Ad bid to reduce motorcycle crashes

A new £1.2 million advertising campaign has been launched in a bid to reduce the amount of motorcyclists involved in road accidents.

The campaign will target car drivers, urging them to see the person behind the helmet. The scheme was launched by Road Safety Minister Mike Penning, who is a biker himself.

He said the inspiration for the campaign came after research suggested that car drivers who know a biker are more careful in looking out for them on the roads.

Despite making up only 1% of the UK's traffic, motorcyclists account for 22% of all road accident deaths.

Using the existing 'THINK!' advertising slogan, the new campaign will try to show people that motorcycle riders are ordinary people, with flashing neons signs pointing to the riders saying things such as 'new dad' or "shy retiring type".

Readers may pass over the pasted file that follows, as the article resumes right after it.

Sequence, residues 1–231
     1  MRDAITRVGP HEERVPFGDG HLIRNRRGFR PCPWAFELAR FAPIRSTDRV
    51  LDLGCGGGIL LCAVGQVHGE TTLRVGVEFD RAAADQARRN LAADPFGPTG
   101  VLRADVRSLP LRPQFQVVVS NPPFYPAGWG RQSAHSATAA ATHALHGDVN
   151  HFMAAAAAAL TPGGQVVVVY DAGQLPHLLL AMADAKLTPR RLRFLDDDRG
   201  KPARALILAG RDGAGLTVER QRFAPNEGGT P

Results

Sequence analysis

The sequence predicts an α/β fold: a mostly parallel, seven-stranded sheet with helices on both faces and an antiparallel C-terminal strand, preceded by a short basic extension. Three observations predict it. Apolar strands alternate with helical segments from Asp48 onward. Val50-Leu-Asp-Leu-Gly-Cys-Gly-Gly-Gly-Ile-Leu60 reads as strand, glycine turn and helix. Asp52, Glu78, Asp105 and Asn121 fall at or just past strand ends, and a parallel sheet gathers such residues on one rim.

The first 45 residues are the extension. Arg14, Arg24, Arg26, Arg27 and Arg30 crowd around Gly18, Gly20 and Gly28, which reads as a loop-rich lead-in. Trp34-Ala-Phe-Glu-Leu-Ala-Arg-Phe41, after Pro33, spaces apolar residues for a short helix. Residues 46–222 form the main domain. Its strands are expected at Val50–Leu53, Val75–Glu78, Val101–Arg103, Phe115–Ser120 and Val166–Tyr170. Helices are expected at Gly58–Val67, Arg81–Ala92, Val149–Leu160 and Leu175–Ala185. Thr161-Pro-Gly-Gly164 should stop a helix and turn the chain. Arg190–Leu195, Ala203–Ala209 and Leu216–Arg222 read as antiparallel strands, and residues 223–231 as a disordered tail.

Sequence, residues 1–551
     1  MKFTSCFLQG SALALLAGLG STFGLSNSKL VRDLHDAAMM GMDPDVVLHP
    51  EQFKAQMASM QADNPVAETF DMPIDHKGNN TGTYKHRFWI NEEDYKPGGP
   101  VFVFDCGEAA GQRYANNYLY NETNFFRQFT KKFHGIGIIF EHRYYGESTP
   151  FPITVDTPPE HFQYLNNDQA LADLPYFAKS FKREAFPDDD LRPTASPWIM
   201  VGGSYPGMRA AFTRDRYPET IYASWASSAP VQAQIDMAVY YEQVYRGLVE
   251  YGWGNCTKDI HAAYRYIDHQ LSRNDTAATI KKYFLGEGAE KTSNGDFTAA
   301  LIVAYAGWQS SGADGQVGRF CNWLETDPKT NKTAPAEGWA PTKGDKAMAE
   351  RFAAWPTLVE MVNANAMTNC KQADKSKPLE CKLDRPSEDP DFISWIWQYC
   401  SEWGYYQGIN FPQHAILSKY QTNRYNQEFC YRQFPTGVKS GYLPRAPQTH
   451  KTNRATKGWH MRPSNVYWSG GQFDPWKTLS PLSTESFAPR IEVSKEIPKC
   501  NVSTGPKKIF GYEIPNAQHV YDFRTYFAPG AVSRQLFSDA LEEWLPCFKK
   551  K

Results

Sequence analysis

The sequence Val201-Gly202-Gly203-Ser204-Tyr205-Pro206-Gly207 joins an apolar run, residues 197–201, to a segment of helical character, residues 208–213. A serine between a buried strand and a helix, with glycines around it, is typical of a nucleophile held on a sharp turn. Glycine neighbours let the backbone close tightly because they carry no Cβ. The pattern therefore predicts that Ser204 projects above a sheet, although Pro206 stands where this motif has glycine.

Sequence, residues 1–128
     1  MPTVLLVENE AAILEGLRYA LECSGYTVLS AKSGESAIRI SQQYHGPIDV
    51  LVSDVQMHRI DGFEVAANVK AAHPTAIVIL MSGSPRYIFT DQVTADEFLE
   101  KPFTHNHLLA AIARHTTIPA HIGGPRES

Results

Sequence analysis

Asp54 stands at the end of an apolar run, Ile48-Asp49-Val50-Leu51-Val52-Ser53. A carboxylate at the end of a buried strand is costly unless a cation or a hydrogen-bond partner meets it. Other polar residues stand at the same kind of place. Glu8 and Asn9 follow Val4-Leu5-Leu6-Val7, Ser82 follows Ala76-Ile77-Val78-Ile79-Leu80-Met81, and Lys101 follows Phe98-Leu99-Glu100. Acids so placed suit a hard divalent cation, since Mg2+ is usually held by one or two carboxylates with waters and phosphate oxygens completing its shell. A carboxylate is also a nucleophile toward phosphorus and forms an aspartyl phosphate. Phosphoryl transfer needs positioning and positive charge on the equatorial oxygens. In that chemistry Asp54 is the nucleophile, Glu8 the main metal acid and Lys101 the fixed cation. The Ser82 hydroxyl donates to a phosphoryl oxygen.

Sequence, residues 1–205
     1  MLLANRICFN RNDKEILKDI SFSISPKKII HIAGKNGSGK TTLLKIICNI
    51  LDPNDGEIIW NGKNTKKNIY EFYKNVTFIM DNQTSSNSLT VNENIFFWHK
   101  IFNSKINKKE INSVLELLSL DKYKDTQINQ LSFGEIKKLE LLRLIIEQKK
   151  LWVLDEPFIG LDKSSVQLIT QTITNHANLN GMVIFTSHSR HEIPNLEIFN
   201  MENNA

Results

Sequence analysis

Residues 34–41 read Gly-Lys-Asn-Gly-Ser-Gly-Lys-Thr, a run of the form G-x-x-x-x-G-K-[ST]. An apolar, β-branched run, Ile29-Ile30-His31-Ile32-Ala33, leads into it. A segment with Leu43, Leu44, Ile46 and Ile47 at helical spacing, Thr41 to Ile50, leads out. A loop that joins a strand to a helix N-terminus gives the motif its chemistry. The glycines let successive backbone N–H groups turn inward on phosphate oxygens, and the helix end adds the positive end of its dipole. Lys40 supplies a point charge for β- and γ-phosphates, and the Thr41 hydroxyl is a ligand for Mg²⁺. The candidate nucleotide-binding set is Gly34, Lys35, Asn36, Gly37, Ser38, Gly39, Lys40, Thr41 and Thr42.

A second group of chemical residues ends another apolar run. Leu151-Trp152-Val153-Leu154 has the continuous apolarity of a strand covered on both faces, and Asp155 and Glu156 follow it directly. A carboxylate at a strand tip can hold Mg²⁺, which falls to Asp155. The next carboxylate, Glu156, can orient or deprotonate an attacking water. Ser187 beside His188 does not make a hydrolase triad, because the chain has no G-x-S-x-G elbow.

The adverts have already started to be broadcast on commercial television, with adverts due to appear on radio stations and petrol station forecourts next week.

As well as reducing the amount of casualties, a reduction on the number of accidents will help drivers keep their car insurance premiums down.

The Institute of Advanced Motorists' director of policy and research, Neil Greig said: "'Sorry mate, I didn't see you' isn't good enough. 75% of motorcycle injuries in towns and cities are caused by crashes at junctions - most are down to drivers simply failing to see an approaching biker when they pull out.

"Drivers should be ashamed of these statistics and take responsibility for the role they play in the safety of innocent bikers."

Copyright Press Association 2012

UKBC: Main (4.50)

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